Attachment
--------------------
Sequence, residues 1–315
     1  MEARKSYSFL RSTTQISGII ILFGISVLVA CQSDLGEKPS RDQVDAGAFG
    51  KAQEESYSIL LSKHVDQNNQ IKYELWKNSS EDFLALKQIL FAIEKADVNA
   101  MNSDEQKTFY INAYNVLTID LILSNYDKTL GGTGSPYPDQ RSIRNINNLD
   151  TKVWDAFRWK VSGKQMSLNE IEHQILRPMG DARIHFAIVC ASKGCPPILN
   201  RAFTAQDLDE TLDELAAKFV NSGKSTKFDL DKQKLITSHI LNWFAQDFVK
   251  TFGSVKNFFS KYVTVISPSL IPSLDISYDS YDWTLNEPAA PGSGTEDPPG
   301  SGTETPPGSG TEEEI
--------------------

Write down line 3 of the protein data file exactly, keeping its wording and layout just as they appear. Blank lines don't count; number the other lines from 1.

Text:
    51  KAQEESYSIL LSKHVDQNNQ IKYELWKNSS EDFLALKQIL FAIEKADVNA